Dushanbe Zip code

About Dushanbe

Dushanbe is Tajikistan's capital and biggest city. Dushanbe has a population of 863,400 residents as of January 2020, the majority of whom were Tajik. Until 1929, the city was called Dyushambe (Russian: аме, Dyushambe), then from 1929 until 1961, Stalinabad (Tajik: талинoод, Stalinobod), in honour of Joseph Stalin. Dushanbe is situated in the Gissar Valley, surrounded on the north and east by the Gissar Range and on the south by the Babatag, Aktau, Rangontau, and Karatau ranges, at a height of 750–930 m. The city is organised into four districts, all of which have the names of historical figures: Ismail Samani, Avicenna, Ferdowsi, and Shah Mansur.

Ancient Dushanbe was populated by a variety of empires and peoples, including Mousterian tool users, numerous neolithic civilizations, the Achaemenid Empire, Greco-Bactria, the Kushan Empire, and the Hephthalites. During the Middle Ages, further villages such as Hulbuk and its famed palace arose near modern-day Dushanbe. Between the 17th and early 20th centuries, Dushanbe developed into a market village ruled at various times by the Beg of Hisor, Balkh, and lastly Bukhara. Soon after the Russian invasion in 1922, Dushanbe was named the capital of the Tajik Autonomous Soviet Socialist Republic in 1924, initiating the town's development and fast population expansion that lasted until the Tajik Civil War. Following the war, the city became the capital of an independent Tajikistan and proceeded to expand and develop into a modern metropolis that is now the site of several international conferences.

Dushanbe's contemporary culture emerged in the 1920s, with the establishment of Soviet music, opera, theatre, sculpture, cinema, and sports. Prior to the Soviet takeover, music, mainly shashmaqam, flourished in the city, owing to Russian influence and local opera houses and orchestras. Tajik intellectuals such as Sadriddin Ayni made significant contributions to the growth of Dushanbe's literature, which underwent several transformations during and after the Soviet era. Both theatre and cinema emerged in the 1930s, largely inspired by Soviet tendencies. Dushanbe's architecture, formerly neoclassical, evolved into a minimalist and finally contemporary style. The city is a hub for the country's newspapers, radio stations, and television stations, running around 200 newspapers and more than a dozen television studios in 1999.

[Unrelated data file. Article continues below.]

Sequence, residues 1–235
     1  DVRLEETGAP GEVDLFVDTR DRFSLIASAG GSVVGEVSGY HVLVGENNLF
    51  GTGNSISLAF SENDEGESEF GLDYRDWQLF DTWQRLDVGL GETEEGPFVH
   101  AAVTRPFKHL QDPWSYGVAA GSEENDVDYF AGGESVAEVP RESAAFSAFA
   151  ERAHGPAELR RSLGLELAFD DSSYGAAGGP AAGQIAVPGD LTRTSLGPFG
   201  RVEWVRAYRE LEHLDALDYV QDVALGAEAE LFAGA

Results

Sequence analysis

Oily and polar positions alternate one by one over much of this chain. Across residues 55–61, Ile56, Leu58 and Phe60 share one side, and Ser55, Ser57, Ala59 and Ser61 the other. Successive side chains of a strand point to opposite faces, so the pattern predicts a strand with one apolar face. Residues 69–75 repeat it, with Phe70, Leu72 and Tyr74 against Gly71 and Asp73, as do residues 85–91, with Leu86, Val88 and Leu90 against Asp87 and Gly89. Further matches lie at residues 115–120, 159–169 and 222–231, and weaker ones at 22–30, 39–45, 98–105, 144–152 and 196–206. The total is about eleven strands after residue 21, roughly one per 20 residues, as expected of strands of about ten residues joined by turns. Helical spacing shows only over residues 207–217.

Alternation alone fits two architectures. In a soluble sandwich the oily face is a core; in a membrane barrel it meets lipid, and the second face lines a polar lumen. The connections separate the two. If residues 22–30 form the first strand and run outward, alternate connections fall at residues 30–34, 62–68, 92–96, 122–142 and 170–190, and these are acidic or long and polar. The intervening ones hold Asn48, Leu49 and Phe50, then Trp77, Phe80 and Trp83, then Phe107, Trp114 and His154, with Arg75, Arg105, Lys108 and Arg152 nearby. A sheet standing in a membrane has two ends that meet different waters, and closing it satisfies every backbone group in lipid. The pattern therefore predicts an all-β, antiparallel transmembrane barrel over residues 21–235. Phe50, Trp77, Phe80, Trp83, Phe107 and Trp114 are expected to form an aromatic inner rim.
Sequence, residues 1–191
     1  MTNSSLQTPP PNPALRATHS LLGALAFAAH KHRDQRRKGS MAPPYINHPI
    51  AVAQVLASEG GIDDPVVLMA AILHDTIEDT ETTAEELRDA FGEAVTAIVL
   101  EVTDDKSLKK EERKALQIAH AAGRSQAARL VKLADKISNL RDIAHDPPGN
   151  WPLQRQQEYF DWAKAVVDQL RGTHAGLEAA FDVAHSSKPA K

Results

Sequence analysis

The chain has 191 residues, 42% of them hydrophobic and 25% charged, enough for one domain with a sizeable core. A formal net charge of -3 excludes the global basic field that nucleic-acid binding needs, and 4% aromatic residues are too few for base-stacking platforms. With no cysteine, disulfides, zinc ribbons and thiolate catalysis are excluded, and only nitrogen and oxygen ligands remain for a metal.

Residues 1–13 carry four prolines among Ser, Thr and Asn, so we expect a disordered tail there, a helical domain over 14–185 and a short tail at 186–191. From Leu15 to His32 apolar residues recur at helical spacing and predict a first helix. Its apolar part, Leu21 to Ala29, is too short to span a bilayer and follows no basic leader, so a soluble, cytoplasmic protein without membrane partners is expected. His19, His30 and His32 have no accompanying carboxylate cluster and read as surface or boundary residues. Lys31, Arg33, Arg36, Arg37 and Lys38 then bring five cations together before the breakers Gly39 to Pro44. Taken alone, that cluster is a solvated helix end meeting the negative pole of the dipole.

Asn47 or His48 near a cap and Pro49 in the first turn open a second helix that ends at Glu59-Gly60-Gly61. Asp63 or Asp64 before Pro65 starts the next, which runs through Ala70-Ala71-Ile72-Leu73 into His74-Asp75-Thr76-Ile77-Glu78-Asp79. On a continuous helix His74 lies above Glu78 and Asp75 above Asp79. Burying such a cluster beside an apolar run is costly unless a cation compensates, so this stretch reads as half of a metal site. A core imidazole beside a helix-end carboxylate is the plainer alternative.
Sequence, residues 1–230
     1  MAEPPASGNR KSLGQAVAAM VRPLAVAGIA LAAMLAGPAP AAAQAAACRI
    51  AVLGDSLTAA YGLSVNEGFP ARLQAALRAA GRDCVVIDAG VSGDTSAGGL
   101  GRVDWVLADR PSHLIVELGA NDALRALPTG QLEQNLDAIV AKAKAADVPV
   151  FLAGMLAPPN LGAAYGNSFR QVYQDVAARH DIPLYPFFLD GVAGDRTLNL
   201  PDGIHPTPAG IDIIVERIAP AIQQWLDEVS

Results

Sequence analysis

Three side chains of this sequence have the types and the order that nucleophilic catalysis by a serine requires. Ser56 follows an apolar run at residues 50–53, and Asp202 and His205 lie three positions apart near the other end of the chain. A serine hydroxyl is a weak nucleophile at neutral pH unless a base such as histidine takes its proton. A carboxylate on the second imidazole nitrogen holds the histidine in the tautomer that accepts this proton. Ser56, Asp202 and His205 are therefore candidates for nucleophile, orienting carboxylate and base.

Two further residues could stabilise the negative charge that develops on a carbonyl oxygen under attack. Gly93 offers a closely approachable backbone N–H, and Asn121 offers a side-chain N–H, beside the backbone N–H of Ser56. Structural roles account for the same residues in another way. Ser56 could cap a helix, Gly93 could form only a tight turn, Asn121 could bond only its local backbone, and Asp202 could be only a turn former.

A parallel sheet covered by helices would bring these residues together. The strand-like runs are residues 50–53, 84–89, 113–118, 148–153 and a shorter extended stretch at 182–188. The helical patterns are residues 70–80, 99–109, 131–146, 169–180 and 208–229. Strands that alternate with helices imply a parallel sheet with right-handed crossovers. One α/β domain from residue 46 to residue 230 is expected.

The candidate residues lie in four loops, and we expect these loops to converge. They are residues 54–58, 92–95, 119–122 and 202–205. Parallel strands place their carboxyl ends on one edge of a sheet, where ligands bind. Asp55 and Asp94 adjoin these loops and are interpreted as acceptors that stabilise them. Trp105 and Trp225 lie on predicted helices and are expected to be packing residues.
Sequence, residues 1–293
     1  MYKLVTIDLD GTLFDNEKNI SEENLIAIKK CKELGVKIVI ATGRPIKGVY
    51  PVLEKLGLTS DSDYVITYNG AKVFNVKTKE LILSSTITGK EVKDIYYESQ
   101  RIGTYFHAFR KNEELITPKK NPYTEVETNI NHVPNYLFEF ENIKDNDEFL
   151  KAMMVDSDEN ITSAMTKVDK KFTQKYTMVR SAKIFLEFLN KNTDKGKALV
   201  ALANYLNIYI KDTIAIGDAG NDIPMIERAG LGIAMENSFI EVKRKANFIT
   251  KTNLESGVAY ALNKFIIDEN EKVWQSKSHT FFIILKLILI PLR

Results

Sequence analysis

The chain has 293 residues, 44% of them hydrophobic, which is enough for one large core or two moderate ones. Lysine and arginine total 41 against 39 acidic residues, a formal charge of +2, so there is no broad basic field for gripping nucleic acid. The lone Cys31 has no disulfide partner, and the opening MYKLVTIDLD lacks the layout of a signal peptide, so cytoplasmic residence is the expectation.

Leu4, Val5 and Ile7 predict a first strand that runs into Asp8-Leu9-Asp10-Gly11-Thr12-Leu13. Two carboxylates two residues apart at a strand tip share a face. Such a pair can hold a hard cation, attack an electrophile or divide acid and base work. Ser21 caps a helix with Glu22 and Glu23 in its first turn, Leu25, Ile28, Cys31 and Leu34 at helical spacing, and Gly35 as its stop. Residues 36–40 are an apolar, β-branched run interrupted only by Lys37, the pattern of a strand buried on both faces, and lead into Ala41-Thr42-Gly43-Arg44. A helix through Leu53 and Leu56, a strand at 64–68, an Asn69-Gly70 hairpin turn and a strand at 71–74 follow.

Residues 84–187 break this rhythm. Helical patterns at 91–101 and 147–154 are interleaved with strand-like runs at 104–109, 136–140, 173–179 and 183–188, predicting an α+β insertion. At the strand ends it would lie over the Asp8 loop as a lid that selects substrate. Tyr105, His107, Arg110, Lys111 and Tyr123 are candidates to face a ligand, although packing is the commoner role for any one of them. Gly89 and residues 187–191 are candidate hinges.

Much of Dushanbe's education system comes from the Soviet era and is characterised by state supervision; nowadays, the Tajik National Institution, the city's major university, is supported by the government. Dushanbe International Airport is the city's major airport. Other modes of travel include the 1955 trolleybus system, the tiny rail system, and the city's highways. Dushanbe's power is mostly hydroelectric, generated by the Nurek Dam, while the city's ancient water infrastructure goes all the way back to 1932. Tajikistan's healthcare system is centred on Dushanbe, which means that the country's largest hospitals are located there. The city contributes 20% of Tajikistan's GDP and is home to significant industrial, financial, retail, and tourist industries. Victory Park, Rudaki Park, the Tajikistan National Museum, the Dushanbe Flagpole, and the Tajikistan National Museum of Antiquities are among the city's parks and major attractions.

What is Dushanbe Address Format?


What is Dushanbe Zipcode Format?
Dushanbe Tajikistan Postal code format